By BRG Agent Neal Tucker
As anyone working at Bohemia knows, Harlem is a great place to live and a place which many of our agents call home. While most of us might also know that Harlem is a place of deep historical roots, we may not exactly know that history in all its rich and variegated complexity. As so many of us are artists, Harlem’s especially colorful artistic past is a great beginning to the discovery of history that waits on every corner of this chronicled area of New York. So, what better place to start than the famous (and eponymous) poem itself, entitled “Harlem,” written in 1951 by Langston Hughes, one of the leaders of the Harlem Renaissance of the 1920’s:
What happens to a dream deferred?
Does it dry up
like a raisin in the sun?
Or fester like a sore—
And then run?
Does it stink like rotten meat?
Or crust and sugar over—
like a syrupy sweet?
Maybe it just sags
like a heavy load.
Or does it explode?
The difficulties of engaging with a poem so full of the tension and uncertainty of an America in the throes of the Civil Rights Movement are legion, and with the fiftieth anniversary of Martin Luther King’s “I Have a Dream” speech this year, we are again reminded of the enormous importance of political and social egalitarianism, that all people should have access to the same liberties as everyone else.
Being from Birmingham, Alabama, another epicenter of the movement, I find these overlaps particularly poignant. Hughes’ poem communicates beautifully, if not painfully, the burden of the movement itself, the conflict at the heart of a group of people seeking the full and free expression of empowerment and meaning in a modern world that seems simultaneously both to offer and to deny these same freedoms.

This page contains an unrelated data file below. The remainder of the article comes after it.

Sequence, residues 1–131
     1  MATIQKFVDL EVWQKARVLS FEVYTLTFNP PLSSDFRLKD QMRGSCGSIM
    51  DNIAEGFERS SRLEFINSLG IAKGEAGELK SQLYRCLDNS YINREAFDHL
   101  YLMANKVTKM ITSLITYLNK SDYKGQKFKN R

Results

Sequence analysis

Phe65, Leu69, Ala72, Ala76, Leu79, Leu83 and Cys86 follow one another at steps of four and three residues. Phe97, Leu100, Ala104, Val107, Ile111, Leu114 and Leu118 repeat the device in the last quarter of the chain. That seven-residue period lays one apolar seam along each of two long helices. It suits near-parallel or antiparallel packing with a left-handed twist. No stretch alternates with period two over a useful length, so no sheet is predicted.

Also of note, Hughes’ poem inspired the title for A Raisin in the Sun, the critically acclaimed play by Lorraine Hansberry that premiered on Broadway in 1959, about the daily struggles of an African-American family living in Chicago in the middle of the last century, another example of the inextricable nature of artistic articulation and political paradigm shifts, as well as a connection to real estate, as the family in the play deals with the difficulties of discrimination in the housing market.
This is obviously only a snippet of the historical and artistic legacy of Harlem and of the greater New York area. There are countless stories that provide the narrative foundation for what Harlem has been and what it has become. It is a place with a dynamic past and a legacy of inspiring artists and cultural revolutionaries that have shaped the area, New York, and the rest of the world.*
*If you’re interested in learning more about Harlem, there is a walking tour that covers many of the notable stops throughout the area, ending with the Apollo Theatre. The starting locations vary, depending on the tour. And the best part: it’s FREE! Here is a link with more information: http://www.freetoursbyfoot.com/new-york-tours/walking-tours/harlem/.